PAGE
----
A Year of Milestones
Two major anniversaries distinguish a busy and exciting 2018.
The first, of course, is the 45th anniversary of the Michigan Nature Association’s campaign that prevented logging of the largest stand of old growth white pine left in Michigan and established our Estivant Pines Nature Sanctuary in 1973. The drive to raise needed funds to secure Estivant galvanized individuals, organizations and service clubs from all over the state and still stands as one of MNA’s crowning achievements.
In that spirit, we were delighted to receive a $90,000 challenge grant in honor of the Estivant Pines anniversary, and this new campaign is underway as this Year in Review goes to print. With your generous support, we will add 60 more acres to this iconic nature sanctuary and direct $90,000 in challenge dollars to stewardship needs in our nature sanctuary network.
2018 is also the 45th anniversary of the federal Endangered Species Act. The Endangered Species Act is an essential, national framework for protecting rare, threatened and endangered species but it has been under assault since its passage in 1973. 2018 was no different and we made our voice heard by stepping up to formally oppose rule changes that could have a devastating impact on the statute. We will continue to monitor and act on threats to this critical environmental law.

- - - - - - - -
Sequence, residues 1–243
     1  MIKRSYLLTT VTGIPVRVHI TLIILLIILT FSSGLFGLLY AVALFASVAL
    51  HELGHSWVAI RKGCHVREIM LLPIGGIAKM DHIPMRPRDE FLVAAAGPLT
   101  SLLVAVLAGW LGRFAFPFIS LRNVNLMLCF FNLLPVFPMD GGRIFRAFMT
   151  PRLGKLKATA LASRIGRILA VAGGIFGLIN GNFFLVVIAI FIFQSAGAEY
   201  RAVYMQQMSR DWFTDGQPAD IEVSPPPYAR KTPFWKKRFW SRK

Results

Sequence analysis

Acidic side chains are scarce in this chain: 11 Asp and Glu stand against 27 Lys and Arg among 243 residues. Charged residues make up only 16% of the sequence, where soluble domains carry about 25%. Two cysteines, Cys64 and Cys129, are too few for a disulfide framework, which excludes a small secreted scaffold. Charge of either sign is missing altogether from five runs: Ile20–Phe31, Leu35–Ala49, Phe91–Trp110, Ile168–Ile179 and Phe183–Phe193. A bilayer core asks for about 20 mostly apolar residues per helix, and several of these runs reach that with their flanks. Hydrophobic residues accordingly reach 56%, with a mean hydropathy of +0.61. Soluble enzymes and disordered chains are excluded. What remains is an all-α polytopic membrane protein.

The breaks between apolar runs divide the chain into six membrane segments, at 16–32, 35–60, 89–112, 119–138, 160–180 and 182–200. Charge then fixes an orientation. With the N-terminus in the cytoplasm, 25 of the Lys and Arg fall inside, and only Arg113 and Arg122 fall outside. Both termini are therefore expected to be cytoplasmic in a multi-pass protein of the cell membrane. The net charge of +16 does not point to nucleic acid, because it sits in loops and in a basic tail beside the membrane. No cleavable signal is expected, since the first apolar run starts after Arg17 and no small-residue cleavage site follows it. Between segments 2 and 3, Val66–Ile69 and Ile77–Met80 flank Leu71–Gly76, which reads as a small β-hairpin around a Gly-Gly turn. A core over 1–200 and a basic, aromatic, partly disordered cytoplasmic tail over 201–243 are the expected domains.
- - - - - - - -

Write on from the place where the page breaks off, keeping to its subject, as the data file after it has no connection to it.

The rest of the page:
One of the major limitations of the Endangered Species Act, however, is the lack of funding for protecting critical habitat. Remarkably, twenty years before Congress passed this landmark legislation, MNA’s founders recognized the need for action to protect Michigan’s rarest and most vulnerable species and natural communities, pioneering the strategy of protecting land in Michigan to do so. We pursue that mission every day thanks to their foresight and our members and donor who continually rally to the cause.
Celebrating these two major milestones bookend a year’s worth of notable activities that you will read about in this Year in Review. None of our work is possible without the commitment of our members, donors, and volunteers, and I hope you are as proud as I am of what we have accomplished together. Be it saving old growth white pines in the Keweenaw, protecting imperiled natural communities across our great state, or defending critical policies for threatened and endangered species, we are truly all in this together.
Thank you for all you do—I look forward to another year of working with you to protect Michigan’s incredible natural heritage.